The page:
The authors report a unique case of SCM with triple bony spurs lying both intra- and extradurally in a single dural sleeve.

At the time of submission of this report, to the best of authors’ knowledge, no case of SCM with triple bony spurs in single dural sleeve has been reported anywhere in the world literature.


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Case Summary

This was a case of a 3-year-old male child, who presented to the center with complaints of congenital deformity of spine and progressively worsening scoliosis of the spine along with abnormal hairy patch over midline in the back.

Clinically the patient had scoliosis to the right along with hypertrichosis. He, however, had no neurologic deficit and had no lower limb weakness or sphincter disturbance.

Magnetic Resonance Imaging of Head was Normal

Magnetic resonance imaging (MRI) of the spine dated October 21, 2016 showed scoliosis in dorsal spine to right; multiple segmentation anomalies in the dorsal, lumbar, and sacral levels; splitting of the cord from D4 to L2 level; and three bony spurs at D6, D10, and D12 levels ([Fig. 1a, b]) along with low-lying tethered cord with conus at the level of lower border of L3 vertebra along with a dorsal dermal sinus at sacral level. Computed tomographic (CT) of the spine showed bony spurs at the level of D6, D10, and D12 vertebrae ([Fig. 1c–f]).

Zoom Image
Fig. 1 (a) Sagittal section whole spine MRI image. (b) Axial section MRI of the spine showing bony spur. (c–e) Axial section NCCT of the spine showing bony spur at three levels. (f) Coronal section NCCT spine showing bony spur—DV6, DV10, DV12 (arrows).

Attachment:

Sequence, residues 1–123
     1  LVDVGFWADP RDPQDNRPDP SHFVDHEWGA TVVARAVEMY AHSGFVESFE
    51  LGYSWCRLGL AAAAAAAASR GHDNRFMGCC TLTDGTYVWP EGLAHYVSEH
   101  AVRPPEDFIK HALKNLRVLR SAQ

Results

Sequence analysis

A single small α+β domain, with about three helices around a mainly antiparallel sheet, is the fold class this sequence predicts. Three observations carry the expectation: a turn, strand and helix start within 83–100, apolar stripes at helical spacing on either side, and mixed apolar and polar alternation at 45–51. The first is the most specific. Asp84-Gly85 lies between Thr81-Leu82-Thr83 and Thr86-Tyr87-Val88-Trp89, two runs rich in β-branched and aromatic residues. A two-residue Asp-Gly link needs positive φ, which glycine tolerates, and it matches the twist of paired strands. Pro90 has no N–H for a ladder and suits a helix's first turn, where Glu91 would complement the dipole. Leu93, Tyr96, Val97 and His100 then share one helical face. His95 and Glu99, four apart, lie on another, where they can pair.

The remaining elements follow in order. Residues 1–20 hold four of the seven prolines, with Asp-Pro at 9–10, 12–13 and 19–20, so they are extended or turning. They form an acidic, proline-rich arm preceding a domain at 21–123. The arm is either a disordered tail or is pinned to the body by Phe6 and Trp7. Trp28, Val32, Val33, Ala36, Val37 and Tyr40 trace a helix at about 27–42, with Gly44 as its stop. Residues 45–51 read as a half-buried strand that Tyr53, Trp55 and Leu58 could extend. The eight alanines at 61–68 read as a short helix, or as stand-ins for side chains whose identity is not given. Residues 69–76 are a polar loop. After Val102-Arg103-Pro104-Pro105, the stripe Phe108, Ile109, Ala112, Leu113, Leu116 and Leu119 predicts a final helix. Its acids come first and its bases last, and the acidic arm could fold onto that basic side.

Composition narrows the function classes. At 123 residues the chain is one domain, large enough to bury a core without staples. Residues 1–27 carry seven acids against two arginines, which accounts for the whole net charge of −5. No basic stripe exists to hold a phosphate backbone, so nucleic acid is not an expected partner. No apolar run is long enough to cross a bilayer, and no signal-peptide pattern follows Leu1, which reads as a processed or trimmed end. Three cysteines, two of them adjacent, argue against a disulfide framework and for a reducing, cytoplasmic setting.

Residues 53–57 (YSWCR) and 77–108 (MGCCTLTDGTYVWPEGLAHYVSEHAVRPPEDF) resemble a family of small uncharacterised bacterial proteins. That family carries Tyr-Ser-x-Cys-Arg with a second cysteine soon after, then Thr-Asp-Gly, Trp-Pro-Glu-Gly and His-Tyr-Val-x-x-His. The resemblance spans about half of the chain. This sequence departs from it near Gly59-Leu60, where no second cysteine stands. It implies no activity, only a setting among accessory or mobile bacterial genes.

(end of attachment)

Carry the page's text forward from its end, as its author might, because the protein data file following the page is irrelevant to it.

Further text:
The patient was taken up for surgery and exploration. The site of split was explored first after adequately removing the spur and other tethering elements at the site. Filum de-tethering was performed in a single stage. Perioperatively the findings of MRI scan were confirmed in the form of there being a single dural sleeve ([Fig. 2a–c]). The bony spurs were intradural for the maximum extent; however, because the bony spurs were attached to both the posterior aspect of the body of vertebrae and to the lamina after piercing out through the dural sleeve both ventrally and dorsally, they were technically deemed to be both intra- and extradural. The postoperative period remained uneventful, and at 4 months after surgery, he had no deficits.

Zoom Image
Fig. 2 (a) Intraoperative image showing single dural sleeve—one spur visible (arrow). (b) Intraoperative image showing single dural sleeve—one spur visible at another level. (c) Intraoperative image showing single dural sleeve—all three spurs (arrows) visible.

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Discussion